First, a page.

3 Ways An OEM Partner Practices Inventory Control To Improve Reliability
August 11, 2017
Let’s say the unexpected happens: When you start production on a piece of equipment, you realize you don’t have the necessary parts.
You would probably go to your metal fabrication partner knowing that it keeps extra parts in stock for emergencies. But if your metal manufacturer’s inventory is inaccurate and it doesn’t have the parts you need, a small problem suddenly becomes a nightmare.
The right fabrication partner improves metal parts inventory reliability in your supply chain through the following practices:
1. Sales And Operations Planning
A proper sales and operations planning process enables your partner to take forecasts and evaluate how it wants to run production to accommodate demand. This is how your metal manufacturer should decide on inventory levels.
Your fabrication partner should allow for fluctuations in inventory to level out labor.
For example, some of your partner’s customers may require a heavy level of production in the first half of the year but be light in the second half of the year.
Your partner can’t produce everything in the first half of the year without asking employees to work excessive overtime, so it should start producing ahead of schedule in the late summer through early winter. Not only does this ensure customers get their parts on time, but it reduces labor costs by minimizing overtime.
Once a month, your partner gathers all sales forecasts and meets with key management to make the appropriate decisions on inventory levels.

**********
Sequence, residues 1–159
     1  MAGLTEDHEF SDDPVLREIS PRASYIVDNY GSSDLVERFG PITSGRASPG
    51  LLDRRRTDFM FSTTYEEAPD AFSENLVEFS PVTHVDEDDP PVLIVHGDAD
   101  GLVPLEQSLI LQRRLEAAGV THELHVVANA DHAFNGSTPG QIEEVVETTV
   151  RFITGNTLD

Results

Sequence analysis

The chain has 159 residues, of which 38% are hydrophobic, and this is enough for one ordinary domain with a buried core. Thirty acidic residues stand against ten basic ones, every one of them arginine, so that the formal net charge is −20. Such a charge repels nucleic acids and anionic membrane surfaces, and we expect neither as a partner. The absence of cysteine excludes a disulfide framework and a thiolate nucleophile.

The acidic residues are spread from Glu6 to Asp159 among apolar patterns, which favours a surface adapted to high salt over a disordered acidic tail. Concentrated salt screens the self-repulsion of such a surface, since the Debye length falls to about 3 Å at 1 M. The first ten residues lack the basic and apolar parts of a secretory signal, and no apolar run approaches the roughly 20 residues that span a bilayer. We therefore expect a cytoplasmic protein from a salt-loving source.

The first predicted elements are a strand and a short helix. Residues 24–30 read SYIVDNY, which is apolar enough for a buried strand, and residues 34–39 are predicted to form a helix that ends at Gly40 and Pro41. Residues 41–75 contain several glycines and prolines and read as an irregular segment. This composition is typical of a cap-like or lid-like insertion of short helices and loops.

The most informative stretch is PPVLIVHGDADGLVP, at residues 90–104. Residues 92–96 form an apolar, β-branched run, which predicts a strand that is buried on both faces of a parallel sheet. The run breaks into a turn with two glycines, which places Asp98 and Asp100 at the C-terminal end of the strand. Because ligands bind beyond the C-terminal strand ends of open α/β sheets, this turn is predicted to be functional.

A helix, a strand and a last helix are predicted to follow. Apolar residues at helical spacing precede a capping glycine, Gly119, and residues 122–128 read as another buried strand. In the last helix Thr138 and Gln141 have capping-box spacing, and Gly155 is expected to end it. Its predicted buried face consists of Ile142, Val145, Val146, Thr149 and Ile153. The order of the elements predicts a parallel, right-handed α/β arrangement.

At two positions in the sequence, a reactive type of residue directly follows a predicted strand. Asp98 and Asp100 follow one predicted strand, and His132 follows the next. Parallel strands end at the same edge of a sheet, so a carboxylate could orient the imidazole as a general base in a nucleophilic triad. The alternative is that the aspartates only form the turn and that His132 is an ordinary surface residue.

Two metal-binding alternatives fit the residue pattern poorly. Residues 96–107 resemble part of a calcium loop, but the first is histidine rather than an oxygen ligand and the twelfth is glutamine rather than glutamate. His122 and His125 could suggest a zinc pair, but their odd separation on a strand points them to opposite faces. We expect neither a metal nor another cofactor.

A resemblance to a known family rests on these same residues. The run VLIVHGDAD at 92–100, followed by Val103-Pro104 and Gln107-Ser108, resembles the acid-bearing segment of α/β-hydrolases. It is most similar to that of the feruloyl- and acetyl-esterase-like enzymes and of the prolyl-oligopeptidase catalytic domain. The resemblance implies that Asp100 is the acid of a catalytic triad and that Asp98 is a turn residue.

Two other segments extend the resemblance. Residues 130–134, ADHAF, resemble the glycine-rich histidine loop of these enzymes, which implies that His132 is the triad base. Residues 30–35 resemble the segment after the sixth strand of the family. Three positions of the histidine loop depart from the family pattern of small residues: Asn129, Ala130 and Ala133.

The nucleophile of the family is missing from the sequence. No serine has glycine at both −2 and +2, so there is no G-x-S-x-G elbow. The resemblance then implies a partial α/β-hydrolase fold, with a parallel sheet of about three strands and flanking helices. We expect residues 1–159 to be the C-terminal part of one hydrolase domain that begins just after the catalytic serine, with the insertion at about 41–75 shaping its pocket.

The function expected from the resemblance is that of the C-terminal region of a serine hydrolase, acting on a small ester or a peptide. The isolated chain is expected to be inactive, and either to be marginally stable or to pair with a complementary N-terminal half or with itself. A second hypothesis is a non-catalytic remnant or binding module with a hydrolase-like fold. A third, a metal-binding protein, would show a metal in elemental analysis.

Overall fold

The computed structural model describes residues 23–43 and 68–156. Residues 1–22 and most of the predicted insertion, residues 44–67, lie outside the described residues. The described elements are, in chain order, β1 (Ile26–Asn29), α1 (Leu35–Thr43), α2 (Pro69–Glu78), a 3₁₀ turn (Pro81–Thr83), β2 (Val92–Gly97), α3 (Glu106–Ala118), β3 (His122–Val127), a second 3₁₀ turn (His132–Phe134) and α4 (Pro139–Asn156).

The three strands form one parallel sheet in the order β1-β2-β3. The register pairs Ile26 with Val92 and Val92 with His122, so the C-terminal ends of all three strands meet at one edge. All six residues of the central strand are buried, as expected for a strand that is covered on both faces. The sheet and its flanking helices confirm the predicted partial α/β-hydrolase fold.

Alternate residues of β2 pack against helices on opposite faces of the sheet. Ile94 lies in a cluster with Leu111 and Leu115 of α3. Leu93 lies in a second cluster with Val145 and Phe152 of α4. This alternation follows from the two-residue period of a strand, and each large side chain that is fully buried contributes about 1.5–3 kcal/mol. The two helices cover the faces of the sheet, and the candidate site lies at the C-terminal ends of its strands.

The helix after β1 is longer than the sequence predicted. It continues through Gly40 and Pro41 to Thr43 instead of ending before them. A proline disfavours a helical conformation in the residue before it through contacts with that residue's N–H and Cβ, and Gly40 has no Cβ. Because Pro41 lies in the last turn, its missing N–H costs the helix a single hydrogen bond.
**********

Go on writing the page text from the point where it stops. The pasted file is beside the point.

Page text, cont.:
Forecasts often evaluate a 12-month period, even if your partner only schedules for the next six months, so it is known what to expect down the line. This helps your partner make optimal personnel and labor decisions.
2. ABC Inventory Analysis
At the component level, the right fabrication partner manages inventory based on the ABC approach of handling safety stock, which is the set of parts your partner keeps in stock for emergencies.
The first decision your metal fabrication partner makes is whether a part is a stock item or non-stock item.
Each stock part is assigned an A, B or C rating based on its value. For example, if an item is an A, your partner may keep a week’s worth in stock but produce it regularly.
B parts may be produced every month, and your partner may keep two months of inventory in stock. Your partner may keep three months of a C part on hand but produce it less often. Because C parts tend to be a lower dollar value, your supplier can afford to carry more of them in inventory.
To keep track of inventory, your partner should practice robust cycle counting.
3. Pervasive Company Buy-In
Buy-in to optimized inventory management must be pervasive across your partner’s workforce. At first, some individuals may not trust the process. But once your supplier fine-tunes its inventory control, everyone from employees on the shop floor to supervisors and salespeople can realize the benefits.
Your partner experiences less chaos, for one. If you should want to increase product lines, your partner won’t be maxed out.
Plus, your metal manufacturing partner won’t have to hire as often to keep up. Its response to rising demand is no longer, “We’ll get back to you.” Instead, your manufacturer simply asks, “How many parts do you need?”
Once your fabrication partner masters proper inventory control, it can deliver a reliable, steady stream of parts to fuel your production line. Your company’s growth path is more straightforward without supply chain uncertainty.